When To Make a Tourniquet

Your first line of defense in a severe injury should be to put heavy pressure directly on the site of the wound. Don’t be afraid to apply a LOT of pressure. If you’re doing it right, it will probably be painful. When should you choose a tourniquet instead?

  1. The bleeding is severe: Don’t apply a tourniquet to wounds that aren’t bleeding much, even if they look deep. However, if you’re bleeding profusely, a tourniquet is often vital.
  2. The injury is in a limb: Tourniquets only work when the affected wound is in a limb, not the trunk of the body. For the upper body and neck, you need to use pressure bandages.
  3. Medical help is far away: If emergency personnel won’t arrive quickly, and your life is in danger, applying a tourniquet can buy you enough time for them to reach you. It’s usually safe to have a tourniquet applied for a max of two hours.
  4. Direct pressure doesn’t work: If applying heavy pressure to the wound stops or significantly slows bleeding, wait for emergency personnel to arrive. If it doesn’t work, however, use a tourniquet IMMEDIATELY.
  5. You need your hands free: Sometimes, it’s not possible to keep applying pressure yourself. In an automobile accident, you may have to help several different people with bleeding. The same thing happens if you’re in the woods and need to help a victim move to a safe area.

In these cases, don’t wait. Don’t hesitate. Even EMTs are trained to use tourniquets rather than risk excessive blood loss. Remember, your life is more important than any limb. Play it safe and apply tourniquets early rather than too late.

The Importance of Acting Quickly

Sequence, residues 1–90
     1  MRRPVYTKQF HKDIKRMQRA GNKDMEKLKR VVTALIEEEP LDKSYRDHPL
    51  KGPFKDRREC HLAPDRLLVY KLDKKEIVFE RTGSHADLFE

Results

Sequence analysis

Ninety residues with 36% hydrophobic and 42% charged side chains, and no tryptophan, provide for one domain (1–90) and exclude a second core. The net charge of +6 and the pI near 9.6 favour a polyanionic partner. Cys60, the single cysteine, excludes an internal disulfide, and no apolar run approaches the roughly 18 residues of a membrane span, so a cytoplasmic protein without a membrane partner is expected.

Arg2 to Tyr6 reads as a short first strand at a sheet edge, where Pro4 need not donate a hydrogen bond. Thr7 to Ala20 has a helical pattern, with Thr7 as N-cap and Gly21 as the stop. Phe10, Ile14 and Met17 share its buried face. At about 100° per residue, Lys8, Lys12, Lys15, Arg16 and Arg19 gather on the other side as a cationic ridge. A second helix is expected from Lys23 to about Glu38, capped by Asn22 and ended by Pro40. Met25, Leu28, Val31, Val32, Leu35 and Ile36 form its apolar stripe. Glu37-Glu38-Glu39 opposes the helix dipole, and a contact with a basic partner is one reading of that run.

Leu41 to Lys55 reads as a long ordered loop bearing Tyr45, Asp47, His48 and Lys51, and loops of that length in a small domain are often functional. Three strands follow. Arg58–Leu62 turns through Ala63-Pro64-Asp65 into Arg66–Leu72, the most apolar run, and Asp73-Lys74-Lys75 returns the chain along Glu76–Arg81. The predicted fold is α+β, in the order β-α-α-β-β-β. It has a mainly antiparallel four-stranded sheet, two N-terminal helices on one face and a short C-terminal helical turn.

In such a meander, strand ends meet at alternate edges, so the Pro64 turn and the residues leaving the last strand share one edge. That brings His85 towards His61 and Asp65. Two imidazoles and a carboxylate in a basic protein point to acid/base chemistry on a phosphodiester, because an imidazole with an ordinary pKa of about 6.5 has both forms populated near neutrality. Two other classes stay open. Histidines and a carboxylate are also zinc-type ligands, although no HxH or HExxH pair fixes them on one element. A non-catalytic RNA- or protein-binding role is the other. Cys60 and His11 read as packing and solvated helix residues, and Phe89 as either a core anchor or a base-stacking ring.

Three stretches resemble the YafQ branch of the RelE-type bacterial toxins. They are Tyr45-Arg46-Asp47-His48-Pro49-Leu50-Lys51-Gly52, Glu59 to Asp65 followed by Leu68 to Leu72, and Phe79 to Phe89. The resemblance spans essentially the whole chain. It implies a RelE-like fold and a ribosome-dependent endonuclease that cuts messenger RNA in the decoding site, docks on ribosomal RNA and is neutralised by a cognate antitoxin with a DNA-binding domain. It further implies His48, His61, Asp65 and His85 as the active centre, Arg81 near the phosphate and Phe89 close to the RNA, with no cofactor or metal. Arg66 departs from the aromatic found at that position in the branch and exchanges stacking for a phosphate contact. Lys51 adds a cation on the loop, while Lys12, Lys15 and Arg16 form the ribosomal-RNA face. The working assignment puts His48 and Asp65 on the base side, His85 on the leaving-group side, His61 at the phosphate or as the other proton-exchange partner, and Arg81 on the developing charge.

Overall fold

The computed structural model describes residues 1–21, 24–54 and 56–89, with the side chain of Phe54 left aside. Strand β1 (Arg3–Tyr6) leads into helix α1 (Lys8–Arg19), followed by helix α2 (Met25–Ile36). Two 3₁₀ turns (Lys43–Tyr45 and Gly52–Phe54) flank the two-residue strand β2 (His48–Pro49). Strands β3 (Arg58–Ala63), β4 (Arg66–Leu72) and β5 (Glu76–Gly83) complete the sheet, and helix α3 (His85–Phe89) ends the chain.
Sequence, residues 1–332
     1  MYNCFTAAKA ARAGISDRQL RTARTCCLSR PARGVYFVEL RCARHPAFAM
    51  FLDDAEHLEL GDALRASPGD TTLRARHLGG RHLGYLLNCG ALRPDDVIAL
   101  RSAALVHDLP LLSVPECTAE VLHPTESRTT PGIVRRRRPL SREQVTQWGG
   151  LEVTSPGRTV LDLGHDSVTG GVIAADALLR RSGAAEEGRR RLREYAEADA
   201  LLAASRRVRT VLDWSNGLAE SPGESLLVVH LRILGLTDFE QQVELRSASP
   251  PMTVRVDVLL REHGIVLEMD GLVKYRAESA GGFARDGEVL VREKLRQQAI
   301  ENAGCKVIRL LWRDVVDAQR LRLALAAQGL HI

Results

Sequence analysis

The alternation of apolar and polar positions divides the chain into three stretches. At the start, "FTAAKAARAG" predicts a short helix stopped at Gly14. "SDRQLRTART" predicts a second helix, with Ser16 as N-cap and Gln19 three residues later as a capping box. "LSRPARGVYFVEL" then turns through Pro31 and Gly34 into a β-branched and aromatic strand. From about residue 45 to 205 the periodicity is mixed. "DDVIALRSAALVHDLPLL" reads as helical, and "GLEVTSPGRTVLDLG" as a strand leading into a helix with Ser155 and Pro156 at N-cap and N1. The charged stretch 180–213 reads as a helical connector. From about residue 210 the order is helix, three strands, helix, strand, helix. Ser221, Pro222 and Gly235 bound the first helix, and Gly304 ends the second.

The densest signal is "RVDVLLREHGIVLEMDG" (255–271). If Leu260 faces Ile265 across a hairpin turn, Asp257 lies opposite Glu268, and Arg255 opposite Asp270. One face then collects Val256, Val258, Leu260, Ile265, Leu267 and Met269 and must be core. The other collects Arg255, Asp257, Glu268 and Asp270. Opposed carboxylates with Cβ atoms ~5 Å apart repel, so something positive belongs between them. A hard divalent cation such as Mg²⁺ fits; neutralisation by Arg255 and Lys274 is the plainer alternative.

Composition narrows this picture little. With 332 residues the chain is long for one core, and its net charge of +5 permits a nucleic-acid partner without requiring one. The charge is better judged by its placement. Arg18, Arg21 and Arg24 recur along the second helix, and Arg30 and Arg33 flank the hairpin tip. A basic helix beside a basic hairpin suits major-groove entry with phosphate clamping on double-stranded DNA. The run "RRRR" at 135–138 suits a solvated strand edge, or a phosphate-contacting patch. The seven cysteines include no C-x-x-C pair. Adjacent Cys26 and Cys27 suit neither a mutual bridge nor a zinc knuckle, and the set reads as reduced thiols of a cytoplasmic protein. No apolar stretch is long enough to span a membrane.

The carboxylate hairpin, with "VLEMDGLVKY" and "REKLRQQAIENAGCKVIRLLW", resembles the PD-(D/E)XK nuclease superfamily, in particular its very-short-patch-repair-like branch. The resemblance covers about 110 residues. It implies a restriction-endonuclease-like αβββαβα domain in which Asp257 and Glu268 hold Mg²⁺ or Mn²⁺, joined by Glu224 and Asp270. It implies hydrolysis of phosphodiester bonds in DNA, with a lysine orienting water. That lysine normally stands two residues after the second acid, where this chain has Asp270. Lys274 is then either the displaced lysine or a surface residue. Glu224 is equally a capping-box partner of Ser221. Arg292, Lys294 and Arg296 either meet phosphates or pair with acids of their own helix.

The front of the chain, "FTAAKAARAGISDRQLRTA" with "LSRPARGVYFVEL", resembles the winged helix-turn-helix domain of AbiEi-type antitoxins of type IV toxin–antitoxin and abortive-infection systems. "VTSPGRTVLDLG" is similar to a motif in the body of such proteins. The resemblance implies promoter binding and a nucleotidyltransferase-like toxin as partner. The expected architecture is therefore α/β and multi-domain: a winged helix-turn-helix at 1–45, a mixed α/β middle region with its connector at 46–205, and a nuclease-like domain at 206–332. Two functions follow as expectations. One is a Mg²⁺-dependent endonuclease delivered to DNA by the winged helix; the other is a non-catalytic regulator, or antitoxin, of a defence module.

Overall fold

Your body isn’t prepared to deal with massive blood loss. Loosing around 20% of your blood (about 1 liter) sends you into shock, making you feel confused, weak and tired. Unconsciousness appears after losing 30–40% of blood volume. Every second wasted, you get weaker and closer to passing out. Medical professionals recommend applying tourniquets BEFORE shock sets in, before life-threatening symptoms make survival difficult.

Common Tourniquet Mistakes To Avoid

If you’re bleeding profusely, you need to act when you still have the strength and focus to do so. At the same time, there are a few things you should never do:

  • Don’t use paracord: Paracord, shoelaces, zip ties and wire are a bad choice for tourniquets. They aren’t effective at stopping bleeding and can cut your skin when tightened, making the injury worse.

  • Don’t loosen the tourniquet: Once you apply a tourniquet, leave it tightened. Loosening it can damage your blood vessels.

  • Don’t stop: Some people think that a tourniquet means they have time to perform other survival actions, such as cleaning the wound. This isn’t the case. You only have two hours (or four hours with likely limb damage) to reach medical personnel for surgery. Get moving.

  • Don’t tourniquet snake bites: One situation where a tourniquet is NOT a good idea is with snake bites. This traps the venom in a small area, leading to dangerous tissue damage that usually requires amputation.

Using a tourniquet correctly can save your life or the people you love. In another article, we’ll talk about how to create a tourniquet from scratch, the best commercial tourniquets and how to apply them.